Revisiting France

No, I haven’t been able to go back this year. I am still working from my library of pictures that I took while living there from 2007 to 2009. A friend of mine likes to call the south of France “God’s Country”, and I tend to agree with him. I really miss the closeness of nature and the peace there. Not to mention the charming French villages where you can just walk around and plop down your easel anywhere and find subject matter within minutes. A bit more complicated here in the US, where it always involves major driving, no parking and 24 hour traffic. Maybe I am a bit jaded; not everything can be compared to a place like Los Angeles and there are certainly quiet and charming places in the US as well.

FRANKEBER_DordogneRiverValley,2011

The Dordogne River Valley (2011)
Watercolor on paper
NFS ::: Visit my France gallery

Anyway, this is one of my favorite views in the Dordogne. This painting worked out so well, I don’t think I’ll ever sell it! (Sorry!) The sky was done in one go and I purposely didn’t add any blue; just greyish clouds. The sky wash was converted into a blueish green at the horizon line and then quite green and strong in the foreground. The silvery blue of the river is simply a wash of cobalt blue and burnt umber (very little) and the reflections of the trees are added while still wet. It helps to tilt the board vertical to help let the pigment flow downwards.

FRANKEBER_DordogneRiverValleyDetail,2011

Notice that I didn’t finish all the trees close to the viewer. I don’t think it’s necessary! This scene looks so simple but is actually not that simple to paint. Green is a difficult color to work with; many of my students tend to use too much of it in a scene like this and it ends up looking garish. It happens easily! I am very careful and I always try to tone down my greens by adding a bit of orange or red, basically neutralizing it a bit. Generally it’s better to stay away from scenes that are “overly green”. It’s a bit like trying to paint a sunset—it’s very difficult, the results are often not so great and it always looks much better when captured with a good camera!

Advertisements

15 thoughts on “Revisiting France

  1. lesliepaints

    First of all, I am in agreement with you on this one. Do not sell it. All time favorite. In this I believe you have become the artists’ artist. The greens are superb, the granulating washes are absolutely to die for and the composition rocks. Thank you for the mention of reds and oranges added to the greens. I hit on it every once in awhile but am still working on them. The edge comment is also informative and I am working on that, too. So thank you for continuing to blog as what you share helps others. Beautiful!

    1. frankeber Post author

      No problem, Leslie – it’s great that you get something out of it! Believe me, I thought about discontinuing this blog, but I think there are more people out there who appreciate it, so that makes it all worthwhile…Blogs just loose out to FB nowadays, hard to say what the next big thing is?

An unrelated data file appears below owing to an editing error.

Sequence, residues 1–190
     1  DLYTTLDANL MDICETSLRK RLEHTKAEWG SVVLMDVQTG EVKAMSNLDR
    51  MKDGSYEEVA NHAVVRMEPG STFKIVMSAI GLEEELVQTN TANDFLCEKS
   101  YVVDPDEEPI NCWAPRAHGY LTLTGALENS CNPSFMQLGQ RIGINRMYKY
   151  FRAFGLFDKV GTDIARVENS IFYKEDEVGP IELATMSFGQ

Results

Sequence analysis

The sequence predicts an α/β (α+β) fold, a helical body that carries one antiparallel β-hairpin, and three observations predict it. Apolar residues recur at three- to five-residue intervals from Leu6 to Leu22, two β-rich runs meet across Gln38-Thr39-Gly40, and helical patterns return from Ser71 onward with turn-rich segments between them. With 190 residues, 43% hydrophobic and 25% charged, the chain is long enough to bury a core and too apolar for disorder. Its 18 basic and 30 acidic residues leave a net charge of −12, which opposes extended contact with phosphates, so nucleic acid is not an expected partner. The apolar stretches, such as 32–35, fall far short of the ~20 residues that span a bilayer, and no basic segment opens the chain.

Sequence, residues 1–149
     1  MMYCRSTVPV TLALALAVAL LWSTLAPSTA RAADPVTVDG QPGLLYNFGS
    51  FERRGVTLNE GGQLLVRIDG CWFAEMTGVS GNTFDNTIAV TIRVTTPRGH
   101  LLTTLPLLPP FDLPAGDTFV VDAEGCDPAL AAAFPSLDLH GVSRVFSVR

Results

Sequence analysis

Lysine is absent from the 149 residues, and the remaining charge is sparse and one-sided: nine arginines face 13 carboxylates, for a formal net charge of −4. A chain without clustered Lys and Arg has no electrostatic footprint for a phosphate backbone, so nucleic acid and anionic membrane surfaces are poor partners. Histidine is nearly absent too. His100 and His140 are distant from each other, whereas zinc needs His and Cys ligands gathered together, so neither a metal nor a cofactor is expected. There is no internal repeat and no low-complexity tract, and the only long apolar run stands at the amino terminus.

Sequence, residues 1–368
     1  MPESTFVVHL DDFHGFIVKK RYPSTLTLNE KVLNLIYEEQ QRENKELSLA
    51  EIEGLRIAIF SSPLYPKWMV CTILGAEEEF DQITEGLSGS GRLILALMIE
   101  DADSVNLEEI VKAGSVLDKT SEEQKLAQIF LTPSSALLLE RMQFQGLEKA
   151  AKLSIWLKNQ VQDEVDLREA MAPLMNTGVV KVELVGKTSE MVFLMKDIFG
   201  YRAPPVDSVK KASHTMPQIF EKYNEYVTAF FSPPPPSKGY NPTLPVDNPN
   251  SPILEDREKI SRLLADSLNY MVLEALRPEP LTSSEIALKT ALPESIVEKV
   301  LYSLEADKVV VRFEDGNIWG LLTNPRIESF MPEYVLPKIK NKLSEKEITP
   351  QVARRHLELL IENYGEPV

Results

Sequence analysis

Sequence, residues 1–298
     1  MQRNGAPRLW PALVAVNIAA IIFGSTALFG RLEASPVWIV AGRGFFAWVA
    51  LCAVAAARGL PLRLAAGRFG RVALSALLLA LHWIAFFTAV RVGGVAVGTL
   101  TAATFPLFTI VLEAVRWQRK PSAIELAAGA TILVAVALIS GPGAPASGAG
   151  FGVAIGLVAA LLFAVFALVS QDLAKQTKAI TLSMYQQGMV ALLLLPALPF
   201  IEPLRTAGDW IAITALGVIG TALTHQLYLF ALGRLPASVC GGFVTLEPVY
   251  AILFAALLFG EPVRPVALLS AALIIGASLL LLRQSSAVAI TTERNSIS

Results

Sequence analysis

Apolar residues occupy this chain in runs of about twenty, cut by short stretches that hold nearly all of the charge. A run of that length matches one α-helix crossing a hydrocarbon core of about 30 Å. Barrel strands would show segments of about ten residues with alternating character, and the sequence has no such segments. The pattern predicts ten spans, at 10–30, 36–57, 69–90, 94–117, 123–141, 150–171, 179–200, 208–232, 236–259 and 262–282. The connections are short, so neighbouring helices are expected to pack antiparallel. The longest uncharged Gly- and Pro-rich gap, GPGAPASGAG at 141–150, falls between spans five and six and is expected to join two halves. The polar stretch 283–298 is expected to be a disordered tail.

Thanks, as always – you leave great comments, Leslie!

  2. Carol King

    What a beautiful painting. I thought the NYC scenes were my favoritie, but this one is right up there with those. I really feel a sense of peace looking at this, the grey sky, the mountain far in the distance and the lush green landscape which is not garish one bit. (Not that I thought it was ever garish, just that you talked about greens in your post.)

    I have never been to the south of France, but this painting makes me want to book a trip today.

    1. frankeber Post author

      Hi Carol, thanks for your great comments. You just have to do it – it does take a bit of planning and , of course, saving money … I rented an Apt there, in the countryside you can find one for surprisingly little money. Just don’t rent one of those Holiday homes, they usually want 250 € per day!!

  3. MG

    This is a beautiful painting. Lovely details without at all seeming overworked. Very inspiring. Although for a climber I’m disappointed that you don’t paint more alpine/mountain scenery.

    1. frankeber Post author

      MG, thanks for the visit and your nice comment. I know what you mean, I am just not that inspired to paint mountains and rocks. I know a climber/ painter who actually paints climbers doing their thing, but I stay away from that. It doesn’t seem to work well, photographs are just better for that kind of thing. It I paint a mountain etc. it’d just serve as a backdrop to something else.. but who knows maybe that’ll change..

  4. Jane

    So beautiful! After several failed attempts, I understand exactly what you mean about staying away from too much green. Time for a new subject for me!

    1. frankeber Post author

      I feel your paint..believe me, I have been there! If you listen to me, don’t do more than three attempt of any given scene. If it’s not working on the third try, it is time to move on, you are right!
      Thanks for the comment and your visit!!

  5. May

    Beautifully done! I can smell the fresh green right after the rain, it brings back happy memory of my own.
    What a perfect example of doing less, delivering more.

Comments are closed.